Experts do not see thaw in relations between 3 nuclear neighbors in near future
KARACHI, Pakistan / NEW DELHI, India
The relations between three Asian nuclear neighbors – Pakistan, India, and China – plummeted to new depths in 2020, with experts foreseeing no “detente” next year either.
The tumultuous year saw the first deadly clash between Indian and Chinese armies in the last 45 years in the mountainous Ladakh region in June. The ties between Pakistan India also remained at odds amid frequent clashes along with the disputed Jammu and Kashmir border.
The military standoff followed New Delhi’s unilateral decision to separate Ladakh from disputed Jammu and Kashmir and revoke the Himalayan region’s semi-autonomous status in August last year, a move vehemently opposed by Beijing and Islamabad.
Ladakh region which borders China and Pakistan serves as the world’s only “nuclear trijunction.”
In another rare development in November Pakistan released a dossier accusing India of “actively planning, promoting, aiding, abetting, financing and execution of terrorist activities” on its soil.
India, however, denied the charges and accused Islamabad of “patronizing” terrorism.
Speaking to Anadolu Agency, Aizaz Ahmad Chaudhry, Pakistan’s former foreign secretary said tensions between China and India owed origin to New Delhi’s August 2019 move of carving out a separate centrally administered Ladakh region.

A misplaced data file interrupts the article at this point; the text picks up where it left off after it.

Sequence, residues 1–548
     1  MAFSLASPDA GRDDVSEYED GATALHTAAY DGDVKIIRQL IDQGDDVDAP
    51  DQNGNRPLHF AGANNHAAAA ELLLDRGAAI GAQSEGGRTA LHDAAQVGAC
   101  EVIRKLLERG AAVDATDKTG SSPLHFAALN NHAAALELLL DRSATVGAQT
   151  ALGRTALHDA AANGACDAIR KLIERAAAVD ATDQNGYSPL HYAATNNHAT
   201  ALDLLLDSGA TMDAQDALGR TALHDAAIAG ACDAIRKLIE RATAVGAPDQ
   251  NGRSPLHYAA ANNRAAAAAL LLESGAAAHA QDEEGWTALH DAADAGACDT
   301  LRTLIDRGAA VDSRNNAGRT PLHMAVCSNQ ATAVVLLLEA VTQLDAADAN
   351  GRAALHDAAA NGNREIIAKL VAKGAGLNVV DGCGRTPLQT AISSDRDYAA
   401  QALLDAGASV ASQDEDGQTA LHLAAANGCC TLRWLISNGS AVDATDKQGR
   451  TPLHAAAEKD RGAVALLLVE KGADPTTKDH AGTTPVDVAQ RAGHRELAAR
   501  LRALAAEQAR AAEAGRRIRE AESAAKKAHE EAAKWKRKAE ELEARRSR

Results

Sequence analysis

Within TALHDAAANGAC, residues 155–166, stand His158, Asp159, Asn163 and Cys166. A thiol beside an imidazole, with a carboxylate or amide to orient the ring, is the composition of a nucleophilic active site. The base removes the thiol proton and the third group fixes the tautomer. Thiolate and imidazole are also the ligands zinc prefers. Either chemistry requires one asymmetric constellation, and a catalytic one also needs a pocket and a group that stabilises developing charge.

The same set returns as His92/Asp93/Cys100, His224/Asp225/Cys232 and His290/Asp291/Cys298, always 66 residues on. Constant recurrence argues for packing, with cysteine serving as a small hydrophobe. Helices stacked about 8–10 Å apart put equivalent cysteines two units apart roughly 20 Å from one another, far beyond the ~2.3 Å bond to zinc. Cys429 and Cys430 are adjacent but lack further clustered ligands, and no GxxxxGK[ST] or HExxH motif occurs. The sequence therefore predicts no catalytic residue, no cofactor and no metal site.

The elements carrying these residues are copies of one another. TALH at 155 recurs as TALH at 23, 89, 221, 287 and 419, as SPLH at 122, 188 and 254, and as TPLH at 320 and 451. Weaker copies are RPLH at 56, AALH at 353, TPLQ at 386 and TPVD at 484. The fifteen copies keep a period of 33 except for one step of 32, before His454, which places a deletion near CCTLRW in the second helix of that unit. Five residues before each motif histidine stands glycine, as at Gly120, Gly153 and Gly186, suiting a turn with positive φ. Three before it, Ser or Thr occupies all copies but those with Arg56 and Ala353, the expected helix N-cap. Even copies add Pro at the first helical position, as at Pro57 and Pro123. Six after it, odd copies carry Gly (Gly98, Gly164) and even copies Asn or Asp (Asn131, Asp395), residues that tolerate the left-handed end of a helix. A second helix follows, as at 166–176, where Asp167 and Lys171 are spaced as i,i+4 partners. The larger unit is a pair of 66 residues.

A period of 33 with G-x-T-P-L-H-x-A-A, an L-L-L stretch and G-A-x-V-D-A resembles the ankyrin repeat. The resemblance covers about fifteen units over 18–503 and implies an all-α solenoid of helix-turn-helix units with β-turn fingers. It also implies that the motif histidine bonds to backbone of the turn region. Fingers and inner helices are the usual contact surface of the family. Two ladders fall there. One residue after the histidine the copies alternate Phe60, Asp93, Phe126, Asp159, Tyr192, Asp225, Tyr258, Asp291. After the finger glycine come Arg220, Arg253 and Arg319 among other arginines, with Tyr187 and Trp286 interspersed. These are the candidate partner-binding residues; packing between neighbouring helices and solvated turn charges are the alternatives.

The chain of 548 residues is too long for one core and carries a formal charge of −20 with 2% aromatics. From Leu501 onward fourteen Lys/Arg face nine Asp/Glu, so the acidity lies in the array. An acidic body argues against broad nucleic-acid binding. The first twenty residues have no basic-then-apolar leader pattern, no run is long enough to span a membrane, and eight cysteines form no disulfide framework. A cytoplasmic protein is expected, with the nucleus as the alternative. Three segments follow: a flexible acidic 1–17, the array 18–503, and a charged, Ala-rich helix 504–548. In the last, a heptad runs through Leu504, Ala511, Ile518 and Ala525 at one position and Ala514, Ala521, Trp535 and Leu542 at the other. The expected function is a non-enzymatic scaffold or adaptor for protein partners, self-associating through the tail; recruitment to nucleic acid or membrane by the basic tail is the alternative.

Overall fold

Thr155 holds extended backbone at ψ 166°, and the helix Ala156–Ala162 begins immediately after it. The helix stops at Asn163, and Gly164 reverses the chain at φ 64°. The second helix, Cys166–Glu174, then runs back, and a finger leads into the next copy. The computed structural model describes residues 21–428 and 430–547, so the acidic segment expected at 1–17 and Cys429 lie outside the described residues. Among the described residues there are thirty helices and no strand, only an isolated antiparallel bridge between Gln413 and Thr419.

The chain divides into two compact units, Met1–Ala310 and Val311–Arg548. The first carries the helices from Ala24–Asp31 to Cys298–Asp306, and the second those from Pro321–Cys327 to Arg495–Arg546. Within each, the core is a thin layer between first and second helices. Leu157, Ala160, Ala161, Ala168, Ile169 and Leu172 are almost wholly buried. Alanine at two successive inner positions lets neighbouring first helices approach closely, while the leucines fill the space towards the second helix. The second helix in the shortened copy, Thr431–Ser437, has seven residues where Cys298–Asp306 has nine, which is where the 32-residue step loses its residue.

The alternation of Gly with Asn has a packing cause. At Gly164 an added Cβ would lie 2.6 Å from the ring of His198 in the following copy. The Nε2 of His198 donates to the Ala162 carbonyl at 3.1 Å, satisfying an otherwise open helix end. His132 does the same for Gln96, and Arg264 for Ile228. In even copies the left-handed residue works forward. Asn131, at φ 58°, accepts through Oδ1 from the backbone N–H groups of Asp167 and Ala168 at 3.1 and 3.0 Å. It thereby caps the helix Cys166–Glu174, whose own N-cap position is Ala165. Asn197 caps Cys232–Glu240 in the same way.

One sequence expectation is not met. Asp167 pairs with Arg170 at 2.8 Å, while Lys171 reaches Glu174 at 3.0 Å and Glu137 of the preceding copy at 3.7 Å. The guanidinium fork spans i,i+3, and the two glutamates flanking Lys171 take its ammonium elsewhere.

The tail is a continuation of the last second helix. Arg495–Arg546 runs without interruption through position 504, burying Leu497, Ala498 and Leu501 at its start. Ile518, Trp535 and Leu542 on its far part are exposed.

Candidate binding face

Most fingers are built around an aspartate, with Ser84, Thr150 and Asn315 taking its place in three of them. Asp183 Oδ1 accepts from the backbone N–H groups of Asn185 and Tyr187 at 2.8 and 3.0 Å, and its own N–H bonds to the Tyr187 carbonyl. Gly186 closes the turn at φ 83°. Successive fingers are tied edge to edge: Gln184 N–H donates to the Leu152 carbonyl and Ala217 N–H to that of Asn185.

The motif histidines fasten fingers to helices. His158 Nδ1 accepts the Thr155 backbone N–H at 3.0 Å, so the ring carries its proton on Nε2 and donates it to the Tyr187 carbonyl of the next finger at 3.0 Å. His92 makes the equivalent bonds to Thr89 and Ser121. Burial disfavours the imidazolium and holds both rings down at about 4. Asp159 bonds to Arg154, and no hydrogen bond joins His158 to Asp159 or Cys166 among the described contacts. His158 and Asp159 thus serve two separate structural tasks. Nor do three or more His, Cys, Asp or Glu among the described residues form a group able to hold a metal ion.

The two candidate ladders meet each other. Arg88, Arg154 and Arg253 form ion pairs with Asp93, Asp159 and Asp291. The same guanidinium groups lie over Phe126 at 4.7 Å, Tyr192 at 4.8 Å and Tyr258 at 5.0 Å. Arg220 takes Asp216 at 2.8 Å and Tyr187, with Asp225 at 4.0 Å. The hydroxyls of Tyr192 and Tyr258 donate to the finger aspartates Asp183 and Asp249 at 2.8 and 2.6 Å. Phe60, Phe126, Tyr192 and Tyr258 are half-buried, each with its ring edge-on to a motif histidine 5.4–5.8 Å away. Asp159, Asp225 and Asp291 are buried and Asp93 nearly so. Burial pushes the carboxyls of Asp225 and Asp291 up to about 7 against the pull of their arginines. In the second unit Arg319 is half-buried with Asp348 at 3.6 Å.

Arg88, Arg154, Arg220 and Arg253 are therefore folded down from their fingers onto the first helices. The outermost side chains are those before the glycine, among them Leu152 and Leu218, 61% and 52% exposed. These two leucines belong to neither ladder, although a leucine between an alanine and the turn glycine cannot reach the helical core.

“The year 2020 witnessed continued tensions between Pakistan and India as the latter remained in a disengagement mood, and did not agree to hold a dialogue on the outstanding issues,” he said.
The year also saw nearly daily clashes between the two militarizes along the Line of Control (LoC) – a de facto border that divides the picturesque Jammu and Kashmir between the two nuclear neighbors.
Dozens of soldiers and civilians from both sides were killed, while scores of others were injured in the clashes, which have taken a toll on the inhabitants of bordering areas.
Islamabad, over the past 12 months, left no stone unturned to raise alleged human rights violations in the disputed region, particularly after New Delhi revoked constitutional special status.